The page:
Visit this blog for regular posts about Your Archives: The Histories We Share throughout 2020. Visit the Archives of Manitoba to see the records in person.

April 2020:

April 30, 2020

Hudson's Bay House Library photograph collection subject files and "The Beaver" magazine vertical files — Submission by Dr. Karla Kit McManus, Assistant Professor of Visual Arts (Art History), Faculty of Media, Art + Performance, University of Regina

“The Beaver magazine was created in 1920 as an in-house magazine aimed at uniting the various far-flung workers of the Hudson's Bay Company who had little contact with the world beyond their outposts during most of the year. By 1938, the magazine had transformed from a glorified newsletter into an object of serious cultural significance and high print-production quality. Subtitled the ‘Magazine of the North,’ photography would become a key part of the magazine's approach to telling the story of the HBC's business interests in Canada's wilderness, where the fur trade was still a major economic engine. Many of the stories focused on the settler-colonial benevolence of the Company, and the wealth of images found in the Hudson's Bay House Library photograph collection subject files, which include over ten thousand images (including prints, contact sheets, negatives, slides, and transparencies) represent an enormous wealth of visual history about the HBC and its impact on the development of Canada in the age of photography. Of particular note is the representation of flora, fauna, and landscapes of the Arctic, which today are undergoing massive environmental changes because of global warming. The history of Canada's Indigenous peoples and their connection to the Hudson's Bay Company is also prominently recorded in these files and, between the magazine and the subject files, important work remains to be done in identifying the individuals who were photographed for the publication and whose images were often used without their permission. These files are of immense historical value not only to the province of Manitoba but are globally significant in their scope and historical importance. Manitobans should be proud to be the custodians of such a unique archive.”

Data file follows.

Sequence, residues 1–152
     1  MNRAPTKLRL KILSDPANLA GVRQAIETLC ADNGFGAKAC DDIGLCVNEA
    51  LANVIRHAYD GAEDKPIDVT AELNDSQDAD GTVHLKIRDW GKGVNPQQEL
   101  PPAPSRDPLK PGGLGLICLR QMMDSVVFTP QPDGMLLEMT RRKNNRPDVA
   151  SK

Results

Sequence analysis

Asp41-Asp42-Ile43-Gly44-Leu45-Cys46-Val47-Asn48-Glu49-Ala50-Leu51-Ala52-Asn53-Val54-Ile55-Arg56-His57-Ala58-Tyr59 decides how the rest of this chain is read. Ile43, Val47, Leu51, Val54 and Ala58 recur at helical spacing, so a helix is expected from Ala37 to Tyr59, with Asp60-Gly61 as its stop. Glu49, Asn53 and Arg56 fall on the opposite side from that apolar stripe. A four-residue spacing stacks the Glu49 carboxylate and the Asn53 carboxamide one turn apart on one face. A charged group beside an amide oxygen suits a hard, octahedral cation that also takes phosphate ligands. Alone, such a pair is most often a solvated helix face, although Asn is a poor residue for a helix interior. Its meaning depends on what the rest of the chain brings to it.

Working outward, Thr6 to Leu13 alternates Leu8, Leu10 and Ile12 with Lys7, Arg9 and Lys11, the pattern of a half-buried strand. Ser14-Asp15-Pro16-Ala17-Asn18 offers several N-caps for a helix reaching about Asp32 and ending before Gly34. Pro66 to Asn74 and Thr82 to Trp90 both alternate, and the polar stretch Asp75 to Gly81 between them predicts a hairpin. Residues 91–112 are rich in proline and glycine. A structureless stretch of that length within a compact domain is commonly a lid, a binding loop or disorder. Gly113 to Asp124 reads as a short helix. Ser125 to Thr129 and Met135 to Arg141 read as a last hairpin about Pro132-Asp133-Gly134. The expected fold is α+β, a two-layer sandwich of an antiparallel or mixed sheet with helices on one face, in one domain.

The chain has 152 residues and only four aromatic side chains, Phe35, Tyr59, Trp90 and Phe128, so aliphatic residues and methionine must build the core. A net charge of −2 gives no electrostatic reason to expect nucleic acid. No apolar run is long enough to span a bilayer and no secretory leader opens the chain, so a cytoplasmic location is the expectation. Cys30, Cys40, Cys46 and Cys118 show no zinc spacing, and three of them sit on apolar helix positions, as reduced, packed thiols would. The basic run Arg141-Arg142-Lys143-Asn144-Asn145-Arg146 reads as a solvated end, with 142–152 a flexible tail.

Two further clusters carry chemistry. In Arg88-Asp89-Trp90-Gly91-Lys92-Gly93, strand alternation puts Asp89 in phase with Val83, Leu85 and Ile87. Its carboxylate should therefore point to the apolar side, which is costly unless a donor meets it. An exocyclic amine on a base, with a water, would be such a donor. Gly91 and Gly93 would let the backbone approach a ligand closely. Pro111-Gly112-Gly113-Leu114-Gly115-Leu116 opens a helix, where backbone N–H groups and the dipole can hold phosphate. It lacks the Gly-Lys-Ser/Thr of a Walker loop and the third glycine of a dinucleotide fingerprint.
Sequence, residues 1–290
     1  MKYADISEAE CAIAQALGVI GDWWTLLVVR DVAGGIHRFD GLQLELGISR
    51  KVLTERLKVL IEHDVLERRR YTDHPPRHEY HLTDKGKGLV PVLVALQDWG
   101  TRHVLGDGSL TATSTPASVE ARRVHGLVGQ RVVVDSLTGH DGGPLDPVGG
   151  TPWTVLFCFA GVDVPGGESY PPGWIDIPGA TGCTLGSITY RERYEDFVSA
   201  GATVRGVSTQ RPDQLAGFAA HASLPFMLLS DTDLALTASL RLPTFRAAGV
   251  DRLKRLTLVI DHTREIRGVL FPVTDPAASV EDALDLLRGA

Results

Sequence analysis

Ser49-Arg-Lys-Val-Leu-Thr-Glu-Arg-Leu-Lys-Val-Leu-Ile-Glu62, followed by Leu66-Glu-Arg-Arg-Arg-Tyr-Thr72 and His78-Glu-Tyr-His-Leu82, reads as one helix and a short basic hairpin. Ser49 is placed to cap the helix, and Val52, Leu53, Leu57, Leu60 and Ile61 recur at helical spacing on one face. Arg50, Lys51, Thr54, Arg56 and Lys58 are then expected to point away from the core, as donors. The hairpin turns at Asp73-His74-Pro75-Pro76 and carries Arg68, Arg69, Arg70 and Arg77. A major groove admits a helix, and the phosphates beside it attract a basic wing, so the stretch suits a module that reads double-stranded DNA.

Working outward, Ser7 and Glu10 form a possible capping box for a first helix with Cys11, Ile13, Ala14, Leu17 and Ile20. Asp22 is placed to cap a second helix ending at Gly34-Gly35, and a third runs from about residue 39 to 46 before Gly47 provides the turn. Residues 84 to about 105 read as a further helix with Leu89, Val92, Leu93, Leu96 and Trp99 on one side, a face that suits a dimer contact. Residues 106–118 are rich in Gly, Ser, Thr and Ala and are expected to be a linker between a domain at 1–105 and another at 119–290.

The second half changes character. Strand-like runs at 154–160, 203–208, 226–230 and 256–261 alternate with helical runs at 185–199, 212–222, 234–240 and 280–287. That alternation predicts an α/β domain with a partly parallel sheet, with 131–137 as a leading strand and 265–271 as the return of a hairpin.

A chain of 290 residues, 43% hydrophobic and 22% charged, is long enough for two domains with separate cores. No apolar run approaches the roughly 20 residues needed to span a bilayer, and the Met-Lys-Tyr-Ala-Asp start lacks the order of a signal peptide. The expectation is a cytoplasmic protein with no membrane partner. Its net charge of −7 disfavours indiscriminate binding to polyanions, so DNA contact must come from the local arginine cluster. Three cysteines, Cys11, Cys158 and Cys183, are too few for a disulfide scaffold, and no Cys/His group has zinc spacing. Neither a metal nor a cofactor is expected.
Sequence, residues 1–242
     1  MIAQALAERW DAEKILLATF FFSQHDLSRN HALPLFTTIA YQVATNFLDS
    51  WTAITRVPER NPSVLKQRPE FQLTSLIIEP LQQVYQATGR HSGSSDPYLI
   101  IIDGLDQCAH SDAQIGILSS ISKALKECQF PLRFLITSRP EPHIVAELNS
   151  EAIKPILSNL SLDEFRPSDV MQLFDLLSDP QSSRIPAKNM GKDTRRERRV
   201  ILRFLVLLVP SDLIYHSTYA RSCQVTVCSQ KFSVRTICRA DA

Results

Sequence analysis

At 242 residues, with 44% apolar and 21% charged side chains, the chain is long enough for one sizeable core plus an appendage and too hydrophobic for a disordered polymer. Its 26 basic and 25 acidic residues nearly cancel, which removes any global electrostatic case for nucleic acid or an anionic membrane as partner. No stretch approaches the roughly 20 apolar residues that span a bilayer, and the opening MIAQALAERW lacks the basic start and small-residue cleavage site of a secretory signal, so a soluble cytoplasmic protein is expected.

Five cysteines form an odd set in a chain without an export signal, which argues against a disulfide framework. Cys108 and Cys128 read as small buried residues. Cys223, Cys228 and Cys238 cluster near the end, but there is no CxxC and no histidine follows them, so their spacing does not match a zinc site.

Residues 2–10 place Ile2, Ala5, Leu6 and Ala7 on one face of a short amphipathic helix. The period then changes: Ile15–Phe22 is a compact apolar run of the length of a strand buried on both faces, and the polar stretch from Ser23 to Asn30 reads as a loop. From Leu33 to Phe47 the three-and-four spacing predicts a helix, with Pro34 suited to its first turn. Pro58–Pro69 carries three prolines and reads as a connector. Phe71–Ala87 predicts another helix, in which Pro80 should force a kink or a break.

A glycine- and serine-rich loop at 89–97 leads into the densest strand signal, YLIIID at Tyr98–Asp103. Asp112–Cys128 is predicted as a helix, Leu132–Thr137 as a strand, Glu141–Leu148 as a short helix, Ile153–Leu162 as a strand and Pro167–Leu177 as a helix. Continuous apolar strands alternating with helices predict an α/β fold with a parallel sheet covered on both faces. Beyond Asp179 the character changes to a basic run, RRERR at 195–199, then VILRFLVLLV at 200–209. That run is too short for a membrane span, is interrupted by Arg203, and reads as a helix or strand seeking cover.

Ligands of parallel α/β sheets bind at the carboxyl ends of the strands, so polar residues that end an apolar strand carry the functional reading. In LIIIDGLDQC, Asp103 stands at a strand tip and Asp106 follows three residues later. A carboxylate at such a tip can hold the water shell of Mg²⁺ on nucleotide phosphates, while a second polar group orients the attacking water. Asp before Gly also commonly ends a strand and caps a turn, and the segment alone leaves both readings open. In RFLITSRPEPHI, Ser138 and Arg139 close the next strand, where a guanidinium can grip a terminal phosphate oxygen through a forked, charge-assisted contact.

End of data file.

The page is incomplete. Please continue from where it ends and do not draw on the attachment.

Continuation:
The Beaver Magazine, Winter 1954. “Enter the Europeans…Among the Eskimos” by Diamond Jenesse.
"Leaving Thule for Craig Harbour" [Two Thule women aboard the "Nascopie" holding husky puppies.], photograph by Lorene Squire. 1938. Lorene Squire photographs taken for “The Beaver” magazine, Hudson’s Bay Company Archives, Archives of Manitoba, H4-125-1-1.

Want to know more?  Search Keystone for other records related to The Hudson’s Bay House Library photograph collection subject files and “The Beaver” magazine vertical files.  Learn more about the HBCA Names and Knowledge initiative.

Want to participate in Your Archives? See Submit Your Story for details. You may e-mail us at yourarchives@gov.mb.ca with a comment about this blog post and your comments may be included on this page.

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April 29, 2020

Hudson's Bay Company department store employee newsletter, “The Beaver Log” — Submission by Janis Thiessen, Professor of History, University of Winnipeg

“The Beaver Log was one of the employee newsletters of the Hudson's Bay Company department stores. These newsletters are such useful resources for learning more about business and labour history, and they are so much fun to read! My business history students have been indexing them for the Archives, and they are often taken aback by what passed for appropriate content several decades ago. The details of who is dating whom within the workforce, the ethnic/racial stereotyping, the paternalism -- they could read any number of scholarly journal articles on these aspects of Canadian business history. But turning the pages of these newsletters and being confronted by headlines like ‘Summer Brides and Happy Grooms’ or ‘What's the Matter, Girls?’ makes for a far more visceral experience.”

Hudson’s Bay Company Archives, Archives of Manitoba, “The Beaver Log” newsletter, July 1946, cover and page 9, H4-171-1-5.

Want to know more? Search Keystone for other records related to Hudson’s Bay Company staff publications.

Want to participate in Your Archives? See Submit Your Story for details. You may e-mail us at yourarchives@gov.mb.ca with a comment about this blog post and your comments may be included on this page.

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April 27, 2020

Photographs of the Hudson’s Bay Company store, Portage and Memorial — Submission by Della Beattie, Student

“I wrote a paper on the history of this building for an Art History class, using HBC Archive records. As a lifelong Winnipegger, I found it fascinating, and since the building is regularly in the news these days, also topical. It combines HBC history with Winnipeg history and contemporary issues, and is something everyone can relate to. There are many fabulous photos in your collection to illustrate this grand old building.”